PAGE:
Language classes shouldn’t be language led. CLIL shows us that concept and competences are key, argues Phil Ball
There’s an extract from an EL textbook I often use as a warmer for CLIL training sessions. The chapter is about ‘Routines,’ but before the learners can dive into this topic they are exhorted, in pairs, to ask each other questions about their daily activities.
The example at the top of the page features a boy asking a girl, ‘Do you have breakfast in the morning?’ She dutifully replies, ‘Yes, I do’.
The task that I give to the teachers, also in pairs, is to imagine what the girl would really say. Over the year, answers have ranged from, ‘Is that a trick question?’ to, ‘Are you mildly insane?’
Having just returned from addressing the UN in her second language, Greta Thunberg, still at school and still learning English, is unlikely to be convinced by such a drill.
The book is not as old as you think, it is nevertheless comforting to reflect on the fact that this sort of empty drill – and all that sails in its methodological boat – is gradually disappearing, replaced by units of work bearing some resemblance to real experience, either scholastic or extra-mural.
Has CLIL helped turn the tide, or has the world just become a more problematic place, worthy of serious discussion even in language classes? Probably a bit of both.
CLIL has certainly contributed to the idea that in class we can talk about real things, and do real things with real objectives. We can use the language that derives from those sensible aims, instead of using a textbook unit on global warming as an excuse to practise the 2nd Conditional.
This is where the notion of competences fits snugly into 21st-century educational discourse, riding on the wave of approaches such as CLIL, which have conscientiously prepared the ground.
“CLIL champions the principle of language as vehicle: you do something with it.”
Competences are not ‘skills’. Skills are a component of competences, as are thematic contents and subject-based procedures. They are the ‘resources’ of a competence. In order to assess a competence, a student’s behaviour must be observable, which requires the student to ‘perform’ in some way.
This performance requires a ‘situation’ (Roegiers, 2000), which is why CLIL has become such a useful conduit for competence-based approaches. In simple terms, and to stick to the theme of global warming, a teacher of, say, environmental science, no longer needs to teach this topic merely because the syllabus determines randomly that this will happen in February – but because the ‘situation’ is real. Students tend to be motivated by reality, as opposed to talking about breakfast.
The performance of students within the curricular frameworks of these subjects can be tightly related to the particular curriculum skills prescribed. Yet the situation they might resolve could be, ‘Convince the UN delegate who is visiting your local region that global warming is real, using evidence from the local context’.
The interest for language teaching is obvious. Yet in the scholastic context, situations in which students can demonstrate competences authentically can be difficult to come by.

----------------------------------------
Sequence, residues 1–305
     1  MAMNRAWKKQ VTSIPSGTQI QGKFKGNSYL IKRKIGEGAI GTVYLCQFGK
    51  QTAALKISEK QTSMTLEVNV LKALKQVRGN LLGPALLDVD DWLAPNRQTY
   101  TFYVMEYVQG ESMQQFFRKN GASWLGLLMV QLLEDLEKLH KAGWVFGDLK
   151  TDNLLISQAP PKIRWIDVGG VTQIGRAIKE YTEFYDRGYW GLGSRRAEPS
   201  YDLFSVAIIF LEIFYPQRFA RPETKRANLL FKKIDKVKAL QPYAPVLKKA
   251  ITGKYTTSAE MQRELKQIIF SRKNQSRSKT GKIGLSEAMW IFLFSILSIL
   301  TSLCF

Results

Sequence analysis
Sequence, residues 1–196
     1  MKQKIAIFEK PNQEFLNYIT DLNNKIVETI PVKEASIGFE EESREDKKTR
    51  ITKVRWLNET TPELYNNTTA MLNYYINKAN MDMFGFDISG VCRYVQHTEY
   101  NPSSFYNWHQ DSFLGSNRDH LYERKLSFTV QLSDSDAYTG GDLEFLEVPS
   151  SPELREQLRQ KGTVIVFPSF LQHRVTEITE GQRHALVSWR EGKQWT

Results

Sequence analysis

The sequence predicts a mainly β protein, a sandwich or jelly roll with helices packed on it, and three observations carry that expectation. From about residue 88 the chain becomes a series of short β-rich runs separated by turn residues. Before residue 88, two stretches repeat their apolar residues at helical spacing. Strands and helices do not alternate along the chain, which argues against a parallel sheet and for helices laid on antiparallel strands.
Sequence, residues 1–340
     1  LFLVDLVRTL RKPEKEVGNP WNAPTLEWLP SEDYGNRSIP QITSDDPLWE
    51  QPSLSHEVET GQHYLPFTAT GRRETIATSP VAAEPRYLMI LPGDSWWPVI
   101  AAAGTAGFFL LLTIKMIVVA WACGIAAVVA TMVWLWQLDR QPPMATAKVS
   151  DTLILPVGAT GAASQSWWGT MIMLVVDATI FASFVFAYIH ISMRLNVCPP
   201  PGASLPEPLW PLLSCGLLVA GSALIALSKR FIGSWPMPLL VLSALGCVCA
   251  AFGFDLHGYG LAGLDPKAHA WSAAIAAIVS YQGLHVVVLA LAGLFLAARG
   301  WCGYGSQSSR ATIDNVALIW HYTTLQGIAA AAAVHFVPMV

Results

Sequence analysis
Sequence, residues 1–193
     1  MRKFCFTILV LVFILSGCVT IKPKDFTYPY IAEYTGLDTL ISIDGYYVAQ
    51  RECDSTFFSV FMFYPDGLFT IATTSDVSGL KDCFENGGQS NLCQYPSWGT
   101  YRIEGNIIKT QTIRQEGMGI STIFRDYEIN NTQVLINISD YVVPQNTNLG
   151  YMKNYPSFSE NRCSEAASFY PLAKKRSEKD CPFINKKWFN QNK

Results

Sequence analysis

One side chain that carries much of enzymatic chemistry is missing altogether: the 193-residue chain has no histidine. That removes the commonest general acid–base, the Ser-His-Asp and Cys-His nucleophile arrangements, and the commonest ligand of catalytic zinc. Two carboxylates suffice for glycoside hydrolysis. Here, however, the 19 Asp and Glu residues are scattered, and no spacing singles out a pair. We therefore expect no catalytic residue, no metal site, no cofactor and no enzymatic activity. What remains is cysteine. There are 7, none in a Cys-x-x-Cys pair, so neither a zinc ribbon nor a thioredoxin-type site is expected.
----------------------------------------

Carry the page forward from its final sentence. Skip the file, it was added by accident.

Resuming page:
But even within the relatively limited parameters of the classroom, we can provide valid frameworks for competence-based action (Ball et al. 2015). The internet has left us with no excuses: it enables genuine communicative opportunities with other schools, or with public and private institutions.
Why not do this in the language class?
One possible hurdle is that CLIL has traditionally divided itself into two camps – hard CLIL, which is ‘content-led,’ and soft CLIL, which is allegedly ‘language led’. It’s a cute distinction, but within a competence-led framework it is probably less necessary to make it.
CLIL champions the principle of language as vehicle: you do something with it. So, if the language teacher wants to work on saving the planet, they can ask the students to prepare a presentation of, ‘what they would do to reduce the climate crisis if they ruled the world’. Then, we might reasonably ask how the teacher and the other students might assess their peers’ performances.
The presenters will require the 2nd Conditional to make their proposals, but the proposals will need to be scientifically (and ethically) valid. This is a language class, but it is not ‘language led.’ it is concept-led.
The language for this particular competence must be accurate and persuasive, yes, but it must also reflect the discourse of the particular science involved. Greta Thunberg is not effective because she happens to be a C1 on the CEFR. She’s effective because she uses the discourse of climate-crisis science accurately.
Since 1995 and the birth of CLIL, subject teachers have been exhorted to become more ‘language aware’ (to paraphrase Bullock, 1975), but how about language teachers? They have not really been asked to do anything new, nor have the notions of ‘content awareness’ or subject-based literacy ever been proposed as useful elements in their professional development. But there is no use in playing around with content, just to satisfy linguistic objectives. Content must cease to be a slave to the language. It needs to be the other way around. The function of language is to serve content-based objectives. Amen.
Learners are no longer convinced by the older, out-of-date paradigm. Ask Greta Thunberg. I’m sure she’d agree.
- Ball, P. Kelly, K. and Clegg, J. (2015) Putting CLIL into Practice. Oxford University Press. Bullock. A. (1975) The Bullock Report: A language for life. London: DOE. Met, M. (1989) Learning language through content: Learning content through language. In K. E. Müller (ed.), Languages in elementary schools (pp. 43–64). New York: American Forum. Roegiers, X. (2000) Une pédagogie de l’intégration. Brussels. De Boeck.